, CNET's cell phone guru, wants to answer your questions about cell phones, services, and accessories. Send him a question!
I want to get an iPhone
but prefer to wait for the next generation. Any buzz about a new version (smaller design) that is due sometime next year (2008)?
A: Good news, Tony, both Apple and AT&T have confirmed we will see a 3G iPhone next year. We don't know when it will happen, and I can't say if the new version will be smaller, but a 3G iPhone will be a reality in 2008. We'll be sure to follow it closely.
RIM BlackBerry 8310
I found it a bit interesting you didn't include the RIM BlackBerry 8130
on the recently updated top Verizon Wireless
cell phones list, even though it was highly rated by CNET (8.0). Are you a "Just say no to Crackberry" person?
A: Rest assured, Philip, I do not say "no" to BlackBerrys. As you said, our smart phones expert Bonnie Cha did rate it highly, but the format of that particular Verizon Wireless phones feature limits us to just five phones. So while I like the BlackBerry 8130 and believe it be a very good Verizon phone, I just didn't have room for it this time around. Q:
What is the deal with service providers not letting you purchase a new phone until your contract is up or near? I've even asked if could purchase a phone at full price and was told no.
A: Though I don't agree with the practice, it's quite common for carriers to limit the number of cell phones you can buy with a rebate. As you say, the closer you are to your contract's end date, the more likely you'll be able to do so. Also, carriers will limit how many replacement models you can apply towards a phone warranty.
But that said, I've never heard of a carrier prohibiting you from buying a phone at full price. If that's what you've been told, then you're being lied to. Carriers can't exert that kind of control over their customers so I'm baffled why someone would tell you that. In all honesty, carriers benefit when you buy a new phone at full price as they're making as much money as they can from the sale. I don't see what they would have to gain by limiting that.
If you're dead-set on buying a new phone I would go back to the carrier and try again. If they still won't sell you a handset, complain to a supervisor or manager and threaten to take your phone service elsewhere. And remember, if you use a GSM carrier such as T-Mobile or AT&T, you can always buy an unlocked phone from a third party. Then you can just bypass your carrier altogether.
What is your advice with cell phone water-damage stickers? Talk back to me below.
Most cell phones have a small, round sticker behind the battery cover that carriers use to check for water damage. The sticker, which is usually white, will turn pink or red if it's been exposed to water. Is there is anyway to fix the sticker if that occurs?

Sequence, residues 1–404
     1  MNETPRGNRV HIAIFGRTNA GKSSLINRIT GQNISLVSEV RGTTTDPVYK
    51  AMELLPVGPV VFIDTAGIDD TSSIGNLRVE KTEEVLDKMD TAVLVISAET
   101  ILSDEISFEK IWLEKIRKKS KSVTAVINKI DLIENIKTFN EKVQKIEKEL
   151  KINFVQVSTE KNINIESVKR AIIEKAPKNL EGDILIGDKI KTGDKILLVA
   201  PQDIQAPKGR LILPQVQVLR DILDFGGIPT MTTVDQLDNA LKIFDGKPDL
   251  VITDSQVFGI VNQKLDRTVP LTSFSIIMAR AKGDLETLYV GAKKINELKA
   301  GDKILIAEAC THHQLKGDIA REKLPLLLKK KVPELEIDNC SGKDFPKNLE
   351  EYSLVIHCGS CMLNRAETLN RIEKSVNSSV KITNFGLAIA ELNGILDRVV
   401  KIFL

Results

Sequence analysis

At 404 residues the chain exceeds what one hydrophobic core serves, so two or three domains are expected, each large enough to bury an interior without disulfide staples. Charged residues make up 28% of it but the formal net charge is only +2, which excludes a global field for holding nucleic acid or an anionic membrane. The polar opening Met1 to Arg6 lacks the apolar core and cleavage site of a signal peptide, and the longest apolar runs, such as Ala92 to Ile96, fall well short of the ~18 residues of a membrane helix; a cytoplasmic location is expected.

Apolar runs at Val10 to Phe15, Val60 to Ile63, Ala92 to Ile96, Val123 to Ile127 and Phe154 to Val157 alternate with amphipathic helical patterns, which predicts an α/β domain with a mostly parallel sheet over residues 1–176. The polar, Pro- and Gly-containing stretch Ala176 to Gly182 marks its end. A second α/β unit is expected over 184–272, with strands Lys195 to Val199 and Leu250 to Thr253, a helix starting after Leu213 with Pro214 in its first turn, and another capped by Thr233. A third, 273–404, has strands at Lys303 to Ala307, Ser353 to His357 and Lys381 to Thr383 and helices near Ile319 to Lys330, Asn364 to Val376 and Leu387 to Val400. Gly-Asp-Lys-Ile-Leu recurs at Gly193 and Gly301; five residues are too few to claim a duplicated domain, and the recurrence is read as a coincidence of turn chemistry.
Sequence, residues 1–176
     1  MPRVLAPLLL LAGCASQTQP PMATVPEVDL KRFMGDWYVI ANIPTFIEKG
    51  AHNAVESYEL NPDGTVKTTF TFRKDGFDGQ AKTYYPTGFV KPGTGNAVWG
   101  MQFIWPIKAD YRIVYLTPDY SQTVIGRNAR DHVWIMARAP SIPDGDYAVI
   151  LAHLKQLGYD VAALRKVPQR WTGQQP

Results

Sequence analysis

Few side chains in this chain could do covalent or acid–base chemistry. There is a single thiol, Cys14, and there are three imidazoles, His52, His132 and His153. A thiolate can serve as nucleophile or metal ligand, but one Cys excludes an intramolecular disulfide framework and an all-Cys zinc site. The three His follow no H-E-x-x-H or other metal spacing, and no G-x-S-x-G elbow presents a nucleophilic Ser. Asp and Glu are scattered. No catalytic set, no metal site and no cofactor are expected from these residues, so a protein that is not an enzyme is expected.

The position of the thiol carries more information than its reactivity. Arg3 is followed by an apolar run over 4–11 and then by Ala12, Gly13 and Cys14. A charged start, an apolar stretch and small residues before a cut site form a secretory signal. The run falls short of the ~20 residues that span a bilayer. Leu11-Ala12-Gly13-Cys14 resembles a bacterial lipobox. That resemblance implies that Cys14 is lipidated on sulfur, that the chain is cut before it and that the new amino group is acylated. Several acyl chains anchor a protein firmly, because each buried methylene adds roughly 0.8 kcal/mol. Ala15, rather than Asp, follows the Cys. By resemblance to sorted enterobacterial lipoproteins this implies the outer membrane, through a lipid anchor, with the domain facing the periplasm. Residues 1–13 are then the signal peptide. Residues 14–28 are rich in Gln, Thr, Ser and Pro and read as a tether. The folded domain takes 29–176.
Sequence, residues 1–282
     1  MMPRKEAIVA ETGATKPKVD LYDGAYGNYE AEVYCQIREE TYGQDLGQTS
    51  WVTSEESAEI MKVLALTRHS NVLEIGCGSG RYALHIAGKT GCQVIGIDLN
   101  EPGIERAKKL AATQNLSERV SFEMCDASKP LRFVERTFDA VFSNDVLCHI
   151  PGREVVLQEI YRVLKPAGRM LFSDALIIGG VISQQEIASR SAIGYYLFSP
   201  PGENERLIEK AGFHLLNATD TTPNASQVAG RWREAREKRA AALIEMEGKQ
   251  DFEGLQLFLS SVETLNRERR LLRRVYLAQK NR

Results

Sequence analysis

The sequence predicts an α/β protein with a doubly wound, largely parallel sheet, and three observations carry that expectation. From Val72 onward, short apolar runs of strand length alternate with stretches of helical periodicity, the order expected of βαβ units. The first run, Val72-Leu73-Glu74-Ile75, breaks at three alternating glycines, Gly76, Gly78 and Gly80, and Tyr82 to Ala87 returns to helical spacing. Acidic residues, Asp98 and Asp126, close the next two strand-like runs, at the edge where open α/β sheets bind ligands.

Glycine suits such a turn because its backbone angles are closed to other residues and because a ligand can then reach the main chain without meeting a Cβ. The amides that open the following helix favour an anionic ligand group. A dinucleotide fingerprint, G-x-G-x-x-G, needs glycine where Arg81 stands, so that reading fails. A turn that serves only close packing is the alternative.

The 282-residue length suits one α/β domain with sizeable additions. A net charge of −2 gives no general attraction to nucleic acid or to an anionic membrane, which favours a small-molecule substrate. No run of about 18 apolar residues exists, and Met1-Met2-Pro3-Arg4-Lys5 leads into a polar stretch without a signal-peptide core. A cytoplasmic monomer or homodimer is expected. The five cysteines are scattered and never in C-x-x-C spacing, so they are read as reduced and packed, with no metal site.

A: In case any readers don't know, the stickers that Aida refers will make your life difficult if your cell phone is damaged due to water exposure. Because the stickers turn red when they're wet, you'll have a hard time returning your handset or getting it replaced. Water damage rarely is covered under a warranty, so carriers will refuse to replace the phone if that occurs.
Now to answer your question, Aida, I've heard that you can buy new stickers on the Internet and then apply them over the original sticker. I'm a little wary of this method for a number of reasons. First off, if a phone gets really wet, a carrier's customer services rep will be able to notice damage beyond the sticker. Typically, they'll check the battery connection points for any type of corrosion. Also, stickers can vary by phone type, so you'll need to be able to find one that fits your specific model. And even if you do find the correct sticker, you'll need to do a good job of gluing it on so it doesn't look suspicious. So as I said, this isn't a course of action I would recommend. Remember, kids--warranty fraud is naughty. (For more help on repairing a wet cell phone, see this edition of On Call from August 2007).
It's also important to note that the stickers are quite sensitive and can turn red from even the smallest amount of water. I've had readers tell me they had red stickers from body sweat (such as when they're carrying their phone in their pocket on a hot day), condensation, and even from using your phone for a few minutes in the rain. To avoid this problem, you can try covering the sticker with a piece of satin finish scotch tape. They should protect it in most cases--that is, unless your phone takes a serious swim.